• Emissies en doses door procesindustrie. Jaarrapport 2004 'Beleidsmonitoring straling'

      Eleveld H; Tanzi CP; Dijk JWE van; LSO (Nuclear Research and consultancy Group NRG, 2005-09-15)
      The radiation dose for the Dutch population due to discharges and emissions from processing industries has decreased substantially since 1994. However, the processing industry still makes the largest industrial contribution to the radiation dose. Nuclear installations and medical institutions contribute much less. There was a considerable decrease up to 2000, when two fertilizer enterprises stopped their activities in the Netherlands. Although the reported discharges of radioactive substances to water show a sharp decrease, the collective dose due to emissions to air has shown slight increases since 2001. The policy to reduce discharges in water has led to enterprises investing in wastewater treatment systems. Enterprises also take the radiological consequences into account when purchasing raw materials containing natural occurring radioactive material. The cost of the raw material obviously also influences the decision. Occupational exposure in processing plants was investigated using the data of the National Dose Registration and Information System (NDRIS). Often, employees' inhalation doses can amount to over 1 mSv per annum (i.e. 40% of the average annual radiation dose per capita of the Dutch population), but the dose limit of 6 mSv was not exceeded in any of the cases. We have developed and applied the chain model for regular emissions for assessing the radiation dose. Current dose assessments based on the chain model were found to fit with dose assessments based on measurements. The yearly variation in meteorological factors can affect the radiation dose for members of the public for 25% at locations close to the source when compared to calculations based on decennium averaged meteorology.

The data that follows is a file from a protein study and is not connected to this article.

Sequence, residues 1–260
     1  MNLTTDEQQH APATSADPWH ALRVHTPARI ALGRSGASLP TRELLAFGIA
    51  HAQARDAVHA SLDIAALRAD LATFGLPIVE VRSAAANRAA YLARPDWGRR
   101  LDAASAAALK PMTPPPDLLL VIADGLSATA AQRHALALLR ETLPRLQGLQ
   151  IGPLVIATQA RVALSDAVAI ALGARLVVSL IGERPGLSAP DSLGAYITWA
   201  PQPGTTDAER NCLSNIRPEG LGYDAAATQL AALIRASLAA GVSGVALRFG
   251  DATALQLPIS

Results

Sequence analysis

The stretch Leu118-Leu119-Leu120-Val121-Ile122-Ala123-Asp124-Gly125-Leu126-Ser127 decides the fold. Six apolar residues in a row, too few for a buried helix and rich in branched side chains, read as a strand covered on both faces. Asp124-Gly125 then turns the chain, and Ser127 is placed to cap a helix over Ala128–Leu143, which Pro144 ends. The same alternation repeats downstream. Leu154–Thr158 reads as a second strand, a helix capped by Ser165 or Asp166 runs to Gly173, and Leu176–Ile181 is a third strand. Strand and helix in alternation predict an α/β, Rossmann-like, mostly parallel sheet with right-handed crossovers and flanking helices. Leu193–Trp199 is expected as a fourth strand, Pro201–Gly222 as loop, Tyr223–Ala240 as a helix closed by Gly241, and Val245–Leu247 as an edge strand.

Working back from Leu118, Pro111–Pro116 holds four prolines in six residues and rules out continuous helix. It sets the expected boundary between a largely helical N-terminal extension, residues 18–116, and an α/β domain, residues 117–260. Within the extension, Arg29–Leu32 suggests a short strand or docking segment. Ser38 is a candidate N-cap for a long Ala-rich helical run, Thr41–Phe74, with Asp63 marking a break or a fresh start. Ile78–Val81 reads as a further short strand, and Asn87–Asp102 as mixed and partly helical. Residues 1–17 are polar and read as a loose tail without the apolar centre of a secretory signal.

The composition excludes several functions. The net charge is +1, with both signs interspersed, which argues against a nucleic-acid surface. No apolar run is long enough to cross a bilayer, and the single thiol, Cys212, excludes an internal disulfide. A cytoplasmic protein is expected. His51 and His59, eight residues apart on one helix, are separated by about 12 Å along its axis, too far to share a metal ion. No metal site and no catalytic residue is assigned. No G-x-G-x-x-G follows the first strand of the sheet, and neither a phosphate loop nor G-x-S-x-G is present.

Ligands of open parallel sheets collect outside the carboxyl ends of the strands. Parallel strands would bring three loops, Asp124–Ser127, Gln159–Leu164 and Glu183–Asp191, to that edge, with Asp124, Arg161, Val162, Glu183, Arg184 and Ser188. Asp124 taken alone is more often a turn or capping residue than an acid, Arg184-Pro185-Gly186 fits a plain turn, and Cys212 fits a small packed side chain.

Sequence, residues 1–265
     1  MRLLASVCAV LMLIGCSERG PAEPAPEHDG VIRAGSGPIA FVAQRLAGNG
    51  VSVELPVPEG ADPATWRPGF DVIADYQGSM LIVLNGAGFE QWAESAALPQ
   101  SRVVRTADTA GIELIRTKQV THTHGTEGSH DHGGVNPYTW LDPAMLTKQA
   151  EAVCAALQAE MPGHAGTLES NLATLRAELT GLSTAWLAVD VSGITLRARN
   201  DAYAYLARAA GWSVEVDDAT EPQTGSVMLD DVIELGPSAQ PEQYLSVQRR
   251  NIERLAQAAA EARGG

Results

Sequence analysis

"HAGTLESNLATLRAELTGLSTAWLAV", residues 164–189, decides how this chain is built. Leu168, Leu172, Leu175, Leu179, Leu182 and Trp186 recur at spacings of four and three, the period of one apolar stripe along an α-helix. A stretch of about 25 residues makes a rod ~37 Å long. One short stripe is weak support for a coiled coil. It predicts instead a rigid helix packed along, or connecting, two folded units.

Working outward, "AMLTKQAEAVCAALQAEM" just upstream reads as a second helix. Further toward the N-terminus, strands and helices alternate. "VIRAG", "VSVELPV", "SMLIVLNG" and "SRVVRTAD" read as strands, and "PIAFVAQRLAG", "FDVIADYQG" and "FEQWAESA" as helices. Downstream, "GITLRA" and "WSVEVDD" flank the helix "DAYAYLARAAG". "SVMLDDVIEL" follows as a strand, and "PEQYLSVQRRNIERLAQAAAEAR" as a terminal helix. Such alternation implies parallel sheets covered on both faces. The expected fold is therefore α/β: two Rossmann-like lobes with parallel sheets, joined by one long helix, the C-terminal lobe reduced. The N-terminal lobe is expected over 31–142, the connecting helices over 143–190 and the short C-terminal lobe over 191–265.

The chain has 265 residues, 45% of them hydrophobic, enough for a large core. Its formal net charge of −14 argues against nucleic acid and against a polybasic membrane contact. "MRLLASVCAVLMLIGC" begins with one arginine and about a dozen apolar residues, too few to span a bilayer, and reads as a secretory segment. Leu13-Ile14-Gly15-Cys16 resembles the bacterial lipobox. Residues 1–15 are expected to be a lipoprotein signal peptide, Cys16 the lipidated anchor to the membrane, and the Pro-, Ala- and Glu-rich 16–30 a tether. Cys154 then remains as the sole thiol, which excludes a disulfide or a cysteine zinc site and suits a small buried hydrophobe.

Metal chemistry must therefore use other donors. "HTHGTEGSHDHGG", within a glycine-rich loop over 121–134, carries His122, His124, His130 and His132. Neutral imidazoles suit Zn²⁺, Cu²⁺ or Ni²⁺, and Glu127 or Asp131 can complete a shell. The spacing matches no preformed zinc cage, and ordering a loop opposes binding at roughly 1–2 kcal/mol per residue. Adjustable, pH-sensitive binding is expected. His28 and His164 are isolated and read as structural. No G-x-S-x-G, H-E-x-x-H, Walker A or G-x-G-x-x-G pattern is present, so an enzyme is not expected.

• Environmental radioactivity in the Netherlands : Results in 2008

      Knetsch GJ; LSO (Rijksinstituut voor Volksgezondheid en Milieu RIVMRijkswaterstaat WaterdienstVoedsel en Waren Autoriteit VWARIKILT Institute of Food SafetyNuclear Research and consultancy Group NRG, 2010-08-30)
      The Member States of the European Union have the obligation to measure radioactivity in the environment yearly, as stated in the Euratom Treaty of 1957. The Netherlands fulfilled this obligation also in 2008. In 2000 Euratom made recommendations to perform the measurements according to a certain outline, however Member States are not obliged to comply with these recommendations. In 2008, the Netherlands complied to the Euratom recommendations. Except for the determination of strontium-90 in mixed diet, which was not carried out. Measurements in air and environment show normal levels. Polonium-210 in deposition has the highest level since 1993 (about double the normal quantity). This might partially be explained by Saharan dust which was deposited throughout the Netherlands during the end of May. Radioactivity levels in food and milk were below the export and consumption limits set by the European Union. Since 2008, additional data on radioactivity levels in food have been added to this report. The additional data originate from RIKILT - Insitute of Food Safety. Target values in fresh water were exceeded for some radionuclides and locations, however these exceedings do not pose a threat to the public health. Target values are values that should preferably not be exceeded, however they are not limits.